Conflict and relationships
Are there some causes of marital conflict, for example infidelity, that can only be resolved by marriage breakdown?
The infidelity of one partner, or both partners in a relationship may not always signify the end of the relationship, so what other factors could influence the continuation of a relationship once the shame, embarrassment, guilt, anxiety, depression, anger, loss of face and trust have subsided?
What keeps people together? Kids, status, power, money, or lack of it, the notion that a relationship can survive into friendship fails to convince, the idea that a couple who fail to maintain a strong supportive relationship can somehow after a disastrous trauma remain friends just doesn’t seem plausible.
What about people in abusive relationships? The introduction of infidelity into the mix may have little impact if the respective partners are continually at war but find it hard to leave the relationship anyhow. An extra relational affair may actually be as welcome as a stay in refuge.
Are there equivalents in other conflict situations?
Conflict situations tend to arise out of nothingness, most people I have worked with when describing the event suggest, ‘it was silly, nothing at all’, of course what sparked the conflict was the trigger, which again on reflection could have been fairly insignificant. The conflict occurred because the perpetrator of the conflict had failed to recognise and deal appropriately with the beginnings of arousal. It’s a simple trap most of us fall into it at some time or another. The equivalent to infidelity in a typical conflict situation might be the fact that some one refuses to acknowledge the existence of the significant other in the relationship, and that at times must feel like they are being ignored, humiliated and treated disrespectfully, much the same feelings one would possibly experience to learn that their partner was involved with another.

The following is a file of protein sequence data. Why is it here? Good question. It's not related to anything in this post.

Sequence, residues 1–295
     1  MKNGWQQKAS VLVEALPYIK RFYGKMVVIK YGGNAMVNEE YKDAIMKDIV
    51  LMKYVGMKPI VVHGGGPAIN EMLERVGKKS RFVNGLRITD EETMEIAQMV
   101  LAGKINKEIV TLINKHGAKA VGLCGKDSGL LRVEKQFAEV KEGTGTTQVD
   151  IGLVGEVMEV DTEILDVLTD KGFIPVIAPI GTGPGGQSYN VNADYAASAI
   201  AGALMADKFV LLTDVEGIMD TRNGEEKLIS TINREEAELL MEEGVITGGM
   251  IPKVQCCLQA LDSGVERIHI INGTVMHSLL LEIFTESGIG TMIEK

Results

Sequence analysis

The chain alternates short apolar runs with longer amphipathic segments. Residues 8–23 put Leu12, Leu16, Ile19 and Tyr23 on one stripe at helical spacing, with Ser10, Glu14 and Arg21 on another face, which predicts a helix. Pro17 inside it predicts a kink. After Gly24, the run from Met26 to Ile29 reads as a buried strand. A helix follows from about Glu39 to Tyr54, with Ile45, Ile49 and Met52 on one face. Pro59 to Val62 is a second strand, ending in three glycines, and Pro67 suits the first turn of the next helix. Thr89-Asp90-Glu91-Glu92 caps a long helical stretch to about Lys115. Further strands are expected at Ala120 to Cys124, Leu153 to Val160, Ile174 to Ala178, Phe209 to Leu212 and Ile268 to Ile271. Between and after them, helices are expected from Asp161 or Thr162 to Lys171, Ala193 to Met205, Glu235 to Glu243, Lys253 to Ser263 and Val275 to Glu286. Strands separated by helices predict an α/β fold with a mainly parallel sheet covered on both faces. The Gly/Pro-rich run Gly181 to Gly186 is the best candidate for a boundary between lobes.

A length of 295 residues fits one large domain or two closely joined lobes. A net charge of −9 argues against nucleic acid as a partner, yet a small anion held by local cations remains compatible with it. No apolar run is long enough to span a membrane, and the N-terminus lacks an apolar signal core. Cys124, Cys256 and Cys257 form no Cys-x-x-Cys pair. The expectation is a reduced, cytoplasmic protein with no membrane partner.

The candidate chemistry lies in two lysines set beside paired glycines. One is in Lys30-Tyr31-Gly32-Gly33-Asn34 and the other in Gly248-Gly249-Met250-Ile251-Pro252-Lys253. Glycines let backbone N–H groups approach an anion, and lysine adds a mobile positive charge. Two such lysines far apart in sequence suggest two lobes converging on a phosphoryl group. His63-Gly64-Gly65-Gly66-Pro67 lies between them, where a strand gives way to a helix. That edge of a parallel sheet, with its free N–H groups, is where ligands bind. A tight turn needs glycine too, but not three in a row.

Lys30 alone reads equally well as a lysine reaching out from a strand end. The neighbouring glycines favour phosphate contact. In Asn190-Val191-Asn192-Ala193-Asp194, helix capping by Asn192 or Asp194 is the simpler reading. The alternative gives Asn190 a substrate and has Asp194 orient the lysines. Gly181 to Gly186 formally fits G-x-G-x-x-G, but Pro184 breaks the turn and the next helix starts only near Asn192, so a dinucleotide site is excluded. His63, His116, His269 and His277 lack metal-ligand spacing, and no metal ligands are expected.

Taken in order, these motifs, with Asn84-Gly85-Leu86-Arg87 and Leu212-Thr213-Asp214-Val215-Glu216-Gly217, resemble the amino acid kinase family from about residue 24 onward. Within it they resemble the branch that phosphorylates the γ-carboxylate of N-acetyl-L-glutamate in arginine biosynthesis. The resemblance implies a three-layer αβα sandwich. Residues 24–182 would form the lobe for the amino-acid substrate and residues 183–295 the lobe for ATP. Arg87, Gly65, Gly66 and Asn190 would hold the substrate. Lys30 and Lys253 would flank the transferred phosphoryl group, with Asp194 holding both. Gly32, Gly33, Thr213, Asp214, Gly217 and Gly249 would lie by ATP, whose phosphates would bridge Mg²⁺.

Find a relationship counsellor
All therapists are verified professionals.